Expressing ΔH as an equivalent pressure rise and rearranging terms yields:

`$\Delta p=\frac{{\omega }^{2}}{{\omega }_{\text{R}}^{2}}\rho g\Delta {H}_{\text{R}}.$`

The shaft speed ratio reduces to `1` in the 2-D parameterization and the calculation becomes:

`$\Delta p=\rho g\Delta {H}_{\text{R}}.$`

#### Shaft Torque

The torque on the impeller shaft is determined at the simulated operating conditions from the third pump affinity law:

`$\frac{{P}_{\text{R}}}{P}=\frac{{\omega }_{\text{R}}^{3}}{{\omega }^{3}}\frac{{\rho }_{\text{R}}}{\rho },$`

where P is brake power. In the 1-D parameterization, the reference brake power (PR) is a tabulated function of the reference flow capacity:

`${P}_{\text{R}}=P\left({Q}_{\text{R}}\right).$`

In the 2-D parameterization, it is a tabulated function of the instantaneous flow capacity and shaft speed:

`${P}_{\text{R}}=P\left(Q,\omega \right).$`

Brake power and shaft torque are related by the expression:

`$P=T\omega ,$`

where T is torque. Expressing the instantaneous brake power in the pump affinity law in terms of the instantaneous shaft torque and rearranging terms yields:

`$T=\frac{{\omega }^{2}}{{\omega }_{\text{R}}^{3}}\frac{\rho }{{\rho }_{\text{R}}}{P}_{\text{R}}.$`

The shaft speed ratio reduces to `1` in the 2-D pump parameterization and the calculation becomes:

`$T=\frac{1}{{\omega }_{\text{R}}}\frac{\rho }{{\rho }_{\text{R}}}{P}_{\text{R}}.$`

### Centrifugal and Displacement Pumps

Centrifugal pumps are a type of rotodynamic pump. In conjunction with displacement pumps, they comprise the majority of pumps currently in use. Rotodynamic pumps work by accelerating the flow in an ``open'' compartment—one never closed off from the ports—and using some of its kinetic energy to generate a pressure rise at the outlet. By contrast, displacement pumps work by trapping a controlled fluid volume in a closed compartment before pushing it through the outlet by the action of a piston, plunger, or other mechanical interface.

The pumps differ in their performance characteristics. The flow rate of a centrifugal pump falls rapidly with a change in head between the ports (curve I in the figure). That of a positive-displacement pump varies little (curve II). These characteristics lend centrifugal pumps to applications requiring near-constant head and positive-displacement pumps to applications requiring near-constant flow rate. Centrifugal pumps most closely resemble constant pressure sources; positive-displacement pumps most closely resemble constant flow rate sources.

## Ports

### Conserving

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Opening through which, during normal operation, fluid is sucked into the pump by the centrifugal action of an impeller spinning relative to a mechanical casing.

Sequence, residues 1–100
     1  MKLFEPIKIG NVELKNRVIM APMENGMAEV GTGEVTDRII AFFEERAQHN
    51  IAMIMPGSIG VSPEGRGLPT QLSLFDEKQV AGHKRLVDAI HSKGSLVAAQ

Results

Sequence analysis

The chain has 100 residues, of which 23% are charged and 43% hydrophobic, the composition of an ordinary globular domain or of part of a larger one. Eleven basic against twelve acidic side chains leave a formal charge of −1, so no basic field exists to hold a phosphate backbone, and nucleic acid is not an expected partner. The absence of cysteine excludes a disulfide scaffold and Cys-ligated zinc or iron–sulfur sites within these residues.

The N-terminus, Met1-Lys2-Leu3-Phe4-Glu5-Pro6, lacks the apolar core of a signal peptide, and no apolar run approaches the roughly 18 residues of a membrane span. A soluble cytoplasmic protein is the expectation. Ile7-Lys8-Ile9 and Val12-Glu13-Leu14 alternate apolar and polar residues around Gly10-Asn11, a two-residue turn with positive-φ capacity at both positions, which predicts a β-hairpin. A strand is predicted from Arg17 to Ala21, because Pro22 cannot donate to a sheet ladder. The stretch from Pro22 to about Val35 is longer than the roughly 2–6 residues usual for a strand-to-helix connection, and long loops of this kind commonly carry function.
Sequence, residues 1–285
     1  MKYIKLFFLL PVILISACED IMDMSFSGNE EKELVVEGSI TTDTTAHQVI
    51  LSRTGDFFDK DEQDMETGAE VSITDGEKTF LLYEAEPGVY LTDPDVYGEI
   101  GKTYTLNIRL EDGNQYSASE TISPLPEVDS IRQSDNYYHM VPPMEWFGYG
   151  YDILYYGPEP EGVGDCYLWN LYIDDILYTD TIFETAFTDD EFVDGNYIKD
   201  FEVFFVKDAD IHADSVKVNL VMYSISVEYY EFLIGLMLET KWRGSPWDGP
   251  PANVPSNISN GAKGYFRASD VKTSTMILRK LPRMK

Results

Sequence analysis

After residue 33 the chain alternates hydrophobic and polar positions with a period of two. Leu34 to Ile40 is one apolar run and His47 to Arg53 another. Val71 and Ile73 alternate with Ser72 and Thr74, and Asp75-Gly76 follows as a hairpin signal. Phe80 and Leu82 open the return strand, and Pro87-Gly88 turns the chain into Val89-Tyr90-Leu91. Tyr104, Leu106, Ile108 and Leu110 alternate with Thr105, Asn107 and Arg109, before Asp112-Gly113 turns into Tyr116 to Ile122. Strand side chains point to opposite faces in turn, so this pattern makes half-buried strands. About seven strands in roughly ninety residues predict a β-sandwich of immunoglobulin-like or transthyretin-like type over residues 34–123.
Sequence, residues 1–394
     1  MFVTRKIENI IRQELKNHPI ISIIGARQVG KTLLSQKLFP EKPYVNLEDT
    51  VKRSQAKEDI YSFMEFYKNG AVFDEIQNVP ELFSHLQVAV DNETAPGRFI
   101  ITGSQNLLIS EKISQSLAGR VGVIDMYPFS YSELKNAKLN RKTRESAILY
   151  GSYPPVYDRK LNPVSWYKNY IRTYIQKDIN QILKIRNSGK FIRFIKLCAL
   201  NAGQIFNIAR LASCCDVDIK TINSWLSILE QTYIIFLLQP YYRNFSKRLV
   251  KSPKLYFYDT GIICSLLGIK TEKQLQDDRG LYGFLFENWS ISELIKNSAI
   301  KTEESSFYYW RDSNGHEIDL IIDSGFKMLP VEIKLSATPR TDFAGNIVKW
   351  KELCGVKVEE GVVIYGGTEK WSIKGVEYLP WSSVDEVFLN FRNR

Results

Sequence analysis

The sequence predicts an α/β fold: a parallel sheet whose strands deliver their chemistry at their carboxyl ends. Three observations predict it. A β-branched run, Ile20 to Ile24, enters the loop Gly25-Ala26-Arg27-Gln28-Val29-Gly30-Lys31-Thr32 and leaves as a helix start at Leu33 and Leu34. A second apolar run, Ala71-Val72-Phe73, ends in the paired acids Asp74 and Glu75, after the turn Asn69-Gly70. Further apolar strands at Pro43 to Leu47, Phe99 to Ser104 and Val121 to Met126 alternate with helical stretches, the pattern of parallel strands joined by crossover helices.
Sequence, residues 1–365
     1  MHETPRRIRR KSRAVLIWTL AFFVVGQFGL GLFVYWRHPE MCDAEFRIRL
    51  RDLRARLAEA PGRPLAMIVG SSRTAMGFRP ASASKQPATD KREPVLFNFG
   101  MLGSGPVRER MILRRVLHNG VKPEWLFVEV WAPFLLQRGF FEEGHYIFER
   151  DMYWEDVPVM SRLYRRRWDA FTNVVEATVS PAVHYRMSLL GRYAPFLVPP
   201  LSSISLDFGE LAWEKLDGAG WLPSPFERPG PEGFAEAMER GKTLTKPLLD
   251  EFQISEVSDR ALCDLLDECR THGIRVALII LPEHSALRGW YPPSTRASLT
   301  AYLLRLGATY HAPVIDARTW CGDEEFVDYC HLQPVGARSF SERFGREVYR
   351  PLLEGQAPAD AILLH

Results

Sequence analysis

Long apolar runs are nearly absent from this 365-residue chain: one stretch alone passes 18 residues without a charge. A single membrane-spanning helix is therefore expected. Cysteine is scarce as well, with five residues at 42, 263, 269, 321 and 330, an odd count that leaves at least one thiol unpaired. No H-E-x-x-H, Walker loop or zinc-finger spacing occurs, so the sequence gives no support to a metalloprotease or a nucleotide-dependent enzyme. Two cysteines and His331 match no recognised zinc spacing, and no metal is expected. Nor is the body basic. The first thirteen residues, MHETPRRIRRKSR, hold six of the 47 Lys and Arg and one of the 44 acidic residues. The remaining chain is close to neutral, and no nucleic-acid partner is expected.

Opening through which, during normal operation, fluid is expelled from the pump by the centrifugal action of an impeller spinning relative to a mechanical casing.

Mechanical enclosure of the pump, used as a local ground against which to measure the rotary action of the impeller shaft.

Rotary part of the of the pump whose motion relative to the pump casing serves to generate flow.

## Parameters

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Method by which to capture the mechanical and flow dynamics of the pump. The methods provided differ in the number of independent of variables that they require (and therefore on the complexity of the data that must be specified). Both parameterizations are based on performance data readily available in pump datasheets. Reference the characteristic curves provided by the pump manufacturer for this data.

Placement of the mechanical portion of the pump relative to the flow portion. The mechanical orientation of the pump determines the direction in which the impeller must rotate in order to generate flow. The required direction is positive if the mechanical orientation is `Positive` also; it is negative if the mechanical orientation is `Negative` instead. Flipping the mechanical orientation of the pump is conceptually equivalent to reversing the spiral direction of the impeller vanes.

M-element array with the flow capacity breakpoints at which to specify the performance characteristics of the pump. The array values must be greater than or equal to zero and increase monotonically from left to right. When the 1-D pump parameterization is selected, the array must be equal in size to the Head vector and Brake power vector arrays; when the 2-D pump parameterization is selected, the array must be equal instead to the number of rows in the Head table and Brake power table matrices.